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1952 Ford Customline for The Wall Street Journal

October 27, 2017
This was the lead image of the 1952 ford shot from the side for the story.

This was the lead image for the story of Kim’s 1952 Ford Customline.

As I recall, one of the first cars I can remember that we had was a ’68 or ’69 Ford Custom or Fairlane, can’t remember which. That darker Ford blue, big as a house with the huge, skinny steering wheel that had that weird metal horn with the half-circle attached that my dad had to keep me from constantly pulling. On the farm, granddad had a light blue ’67 Ford pickup that ran for a few hundred thousand miles before retiring. There were other Fords over the years, but we weren’t a brand-loyal family, more of a ‘good deal’ one.

Not the Claybaughs.

The Claybaughs are a brand-loyal family. Kim, mom, dad and cousin pulled up for the shoot in a gorgeous 1952 Ford V-8 Customline followed by a brand-new looking Ford pickup, both very, very shiny. One of the first things they did was grab some cloths and proceed to knock the road dust off the Customline. Kim said she grew up going to car rallies and that her parents took her to her first Early Ford V-8 Club rally when she was just three days old.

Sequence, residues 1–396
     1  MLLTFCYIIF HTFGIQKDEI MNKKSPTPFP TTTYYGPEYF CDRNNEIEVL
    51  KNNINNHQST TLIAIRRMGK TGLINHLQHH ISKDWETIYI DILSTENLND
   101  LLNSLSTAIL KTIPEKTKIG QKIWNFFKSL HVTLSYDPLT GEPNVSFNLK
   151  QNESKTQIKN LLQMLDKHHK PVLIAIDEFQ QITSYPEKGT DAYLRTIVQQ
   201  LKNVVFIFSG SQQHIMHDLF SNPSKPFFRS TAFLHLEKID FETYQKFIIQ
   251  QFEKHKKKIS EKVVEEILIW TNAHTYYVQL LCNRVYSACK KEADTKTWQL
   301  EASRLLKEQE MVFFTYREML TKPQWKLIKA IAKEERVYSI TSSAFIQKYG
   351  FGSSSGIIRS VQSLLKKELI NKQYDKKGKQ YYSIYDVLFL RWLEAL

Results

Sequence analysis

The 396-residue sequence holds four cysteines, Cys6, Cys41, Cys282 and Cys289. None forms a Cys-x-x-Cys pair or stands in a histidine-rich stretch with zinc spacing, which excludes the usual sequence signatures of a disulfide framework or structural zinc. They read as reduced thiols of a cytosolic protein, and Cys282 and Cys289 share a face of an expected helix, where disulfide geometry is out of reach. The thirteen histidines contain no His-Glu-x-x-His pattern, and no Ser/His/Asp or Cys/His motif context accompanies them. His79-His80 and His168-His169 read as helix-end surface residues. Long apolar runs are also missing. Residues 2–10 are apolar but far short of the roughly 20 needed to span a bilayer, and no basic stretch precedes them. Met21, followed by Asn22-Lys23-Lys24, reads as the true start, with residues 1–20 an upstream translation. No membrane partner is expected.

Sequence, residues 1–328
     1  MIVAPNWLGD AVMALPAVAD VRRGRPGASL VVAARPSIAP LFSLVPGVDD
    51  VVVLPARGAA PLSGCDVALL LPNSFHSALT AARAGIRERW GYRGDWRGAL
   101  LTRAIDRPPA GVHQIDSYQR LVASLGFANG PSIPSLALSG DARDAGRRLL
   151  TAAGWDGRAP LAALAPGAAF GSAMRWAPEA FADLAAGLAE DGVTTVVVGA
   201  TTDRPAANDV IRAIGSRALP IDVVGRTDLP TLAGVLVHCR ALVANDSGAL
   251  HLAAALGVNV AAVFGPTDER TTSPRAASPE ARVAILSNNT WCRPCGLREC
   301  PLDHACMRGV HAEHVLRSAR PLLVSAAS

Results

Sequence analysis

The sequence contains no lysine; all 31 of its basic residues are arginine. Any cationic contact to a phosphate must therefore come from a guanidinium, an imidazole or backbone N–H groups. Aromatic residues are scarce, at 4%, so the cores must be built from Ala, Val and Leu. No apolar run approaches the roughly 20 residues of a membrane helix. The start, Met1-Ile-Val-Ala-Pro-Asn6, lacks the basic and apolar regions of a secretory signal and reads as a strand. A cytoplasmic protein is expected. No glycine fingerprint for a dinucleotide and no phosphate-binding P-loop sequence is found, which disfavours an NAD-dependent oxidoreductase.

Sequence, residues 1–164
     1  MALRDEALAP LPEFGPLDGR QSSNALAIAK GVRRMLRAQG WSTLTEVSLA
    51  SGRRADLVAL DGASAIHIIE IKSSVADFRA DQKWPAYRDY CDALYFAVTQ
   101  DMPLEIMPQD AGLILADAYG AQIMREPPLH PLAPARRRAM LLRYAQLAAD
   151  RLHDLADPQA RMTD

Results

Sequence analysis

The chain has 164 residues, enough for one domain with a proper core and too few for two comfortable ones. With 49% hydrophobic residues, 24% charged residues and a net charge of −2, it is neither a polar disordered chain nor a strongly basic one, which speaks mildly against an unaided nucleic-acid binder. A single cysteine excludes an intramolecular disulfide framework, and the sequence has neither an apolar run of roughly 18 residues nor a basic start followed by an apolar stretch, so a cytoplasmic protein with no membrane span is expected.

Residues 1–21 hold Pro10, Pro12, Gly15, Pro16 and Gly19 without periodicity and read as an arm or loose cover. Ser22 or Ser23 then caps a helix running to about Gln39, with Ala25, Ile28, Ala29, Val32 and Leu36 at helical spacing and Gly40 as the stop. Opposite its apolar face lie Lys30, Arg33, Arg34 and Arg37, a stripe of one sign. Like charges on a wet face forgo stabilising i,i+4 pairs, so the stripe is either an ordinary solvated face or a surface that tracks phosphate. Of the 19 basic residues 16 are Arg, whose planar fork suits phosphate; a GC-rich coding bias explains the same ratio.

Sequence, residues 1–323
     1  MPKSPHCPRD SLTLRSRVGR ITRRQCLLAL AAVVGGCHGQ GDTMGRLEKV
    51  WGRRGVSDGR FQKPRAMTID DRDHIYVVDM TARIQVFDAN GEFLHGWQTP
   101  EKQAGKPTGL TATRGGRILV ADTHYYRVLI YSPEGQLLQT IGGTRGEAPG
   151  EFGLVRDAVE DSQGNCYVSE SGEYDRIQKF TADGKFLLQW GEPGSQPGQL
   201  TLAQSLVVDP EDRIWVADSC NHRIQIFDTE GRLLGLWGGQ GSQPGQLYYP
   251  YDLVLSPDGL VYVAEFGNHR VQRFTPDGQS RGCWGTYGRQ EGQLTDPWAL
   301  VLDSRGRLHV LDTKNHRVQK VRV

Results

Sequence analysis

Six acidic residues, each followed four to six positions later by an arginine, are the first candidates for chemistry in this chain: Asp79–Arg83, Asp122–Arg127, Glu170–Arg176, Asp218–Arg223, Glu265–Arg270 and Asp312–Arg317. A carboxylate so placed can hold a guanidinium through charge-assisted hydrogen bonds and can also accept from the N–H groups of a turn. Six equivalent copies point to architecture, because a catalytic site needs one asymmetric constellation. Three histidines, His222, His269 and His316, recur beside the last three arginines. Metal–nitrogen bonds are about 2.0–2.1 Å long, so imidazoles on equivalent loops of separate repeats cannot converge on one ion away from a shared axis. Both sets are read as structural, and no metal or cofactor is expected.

Kim’s parents gave her that Customline as a present for graduating college in four years. The funny part was she knew the car already, as it had been a close family friend’s car that Kim had ridden around in for ten years. The previous owner was thrilled for her to get the car and Kim was floored when they surprised her with it. She plans on driving it to an Early Ford V-8 Club rally in Michigan next summer, coming full circle.

Here are a few selects from the shoot. Thanks!

Picture of Kim leaning out of the driver's side window of her 1952 Ford Customline.

A rear-view picture of the black 1952 Ford Customline.

A portrait of Kim shot looking through the passenger window of her 1952 Ford Customline.

A view from the backseat of the bright red and black leather interior of the 1952 Ford Customline.

Portrait of Kim posing at the front of her black 1952 Ford Customline.

Bahama Blue

May 10, 2017